Winona Area Humane Society reacts to county’s Amish puppy mill approval

Zach Bailey

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Zach Bailey / Winonan

Two weeks ago, Winona County approved the applications for six Amish dog kennels. Amish dog kennels, better known as puppy mills, have since then become a huge controversy in the Winona area.

Kelly Sackmaster, the cat care coordinator at the Winona Area Humane Society, was one of the protesters in attendance during the approval.

“I was incredibly displeased with the Winona County Commissioner’s decision in this matter,” Sackmaster said, “I am very much against that our legislation even allowed this to occur.”

Sackmaster and the rest of Winona Area Humane Society strongly oppose the puppy mills in Winona County. She said they have even received support from their president.

“The [Humane Society] President has reached out to us on the topic of the mills. We are willing to pair up with other societies around the area to help out if we have a large amount of dogs coming in from the mills,” Sackmaster said.

Though this has affected the employees morally, it has also impacted the business side of the Winona Area Humane Society.

“I feel as if this has almost brought more awareness towards humane societies,” Susie Lynn, facility manager of the humane society, said. “People have been calling us, thanking us for ‘being here for Winona during this time’ and for being a no-kill shelter.”

The Winona Area Humane Society said it has been receiving around 10-15 emails a week, all thanking them for their position on the mills.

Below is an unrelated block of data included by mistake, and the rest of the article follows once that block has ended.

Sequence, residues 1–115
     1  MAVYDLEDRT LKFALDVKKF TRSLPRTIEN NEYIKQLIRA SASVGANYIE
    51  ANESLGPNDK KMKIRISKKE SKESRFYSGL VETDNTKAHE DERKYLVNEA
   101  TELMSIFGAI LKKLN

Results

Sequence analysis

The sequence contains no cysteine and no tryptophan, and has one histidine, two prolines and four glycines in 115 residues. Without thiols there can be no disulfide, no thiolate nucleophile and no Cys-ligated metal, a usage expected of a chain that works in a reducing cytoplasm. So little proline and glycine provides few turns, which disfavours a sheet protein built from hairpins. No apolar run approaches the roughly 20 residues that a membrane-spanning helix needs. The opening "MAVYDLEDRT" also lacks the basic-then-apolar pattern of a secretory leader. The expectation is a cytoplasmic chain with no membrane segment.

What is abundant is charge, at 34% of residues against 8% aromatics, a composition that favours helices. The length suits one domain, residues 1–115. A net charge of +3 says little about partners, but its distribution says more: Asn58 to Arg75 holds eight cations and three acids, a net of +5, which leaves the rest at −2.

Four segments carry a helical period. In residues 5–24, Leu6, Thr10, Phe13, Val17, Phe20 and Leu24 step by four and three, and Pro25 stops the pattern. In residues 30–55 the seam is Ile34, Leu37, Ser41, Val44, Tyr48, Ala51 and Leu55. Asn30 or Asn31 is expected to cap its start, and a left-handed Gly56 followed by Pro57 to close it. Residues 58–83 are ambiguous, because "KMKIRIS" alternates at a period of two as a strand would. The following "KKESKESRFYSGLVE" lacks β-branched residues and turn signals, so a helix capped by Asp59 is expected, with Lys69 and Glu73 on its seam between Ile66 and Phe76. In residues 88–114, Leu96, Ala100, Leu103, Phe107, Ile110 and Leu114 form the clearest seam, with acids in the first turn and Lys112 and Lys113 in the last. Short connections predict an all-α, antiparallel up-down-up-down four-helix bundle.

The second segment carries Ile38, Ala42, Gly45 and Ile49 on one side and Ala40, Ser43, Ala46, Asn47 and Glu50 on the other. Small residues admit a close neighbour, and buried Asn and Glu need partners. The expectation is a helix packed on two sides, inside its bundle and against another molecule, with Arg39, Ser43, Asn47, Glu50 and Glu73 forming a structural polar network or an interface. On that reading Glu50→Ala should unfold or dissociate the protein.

“Rescues have already been calling me to say they are willing to help if puppies from the mills are brought in, and they need fosters to take care of them,” Lynn said.

Lynn vividly remembers when the Winona Humane Society saw the condition of a dog from a puppy mill years ago. When the dog came in, they had to completely sheer it. At first they thought it had no tail due to the extreme amounts of fur, but they ended up finding the tail higher up on the back than normal.

College students looking to combat the mills can look into adopting from a shelter instead of a mill.

“Most applicants have to be 21 years of age, but we do make exceptions for exceptional people, and exceptional students,” Sackmaster said.

The Winona Area Humane Society houses around 115 cats and receives five to six dogs monthly. Many college students come to the humane society, both to adopt and play with the animals. Per month, between 25 and 30 animals are adopted from the Humane Society, and five to six of those are college-aged individuals.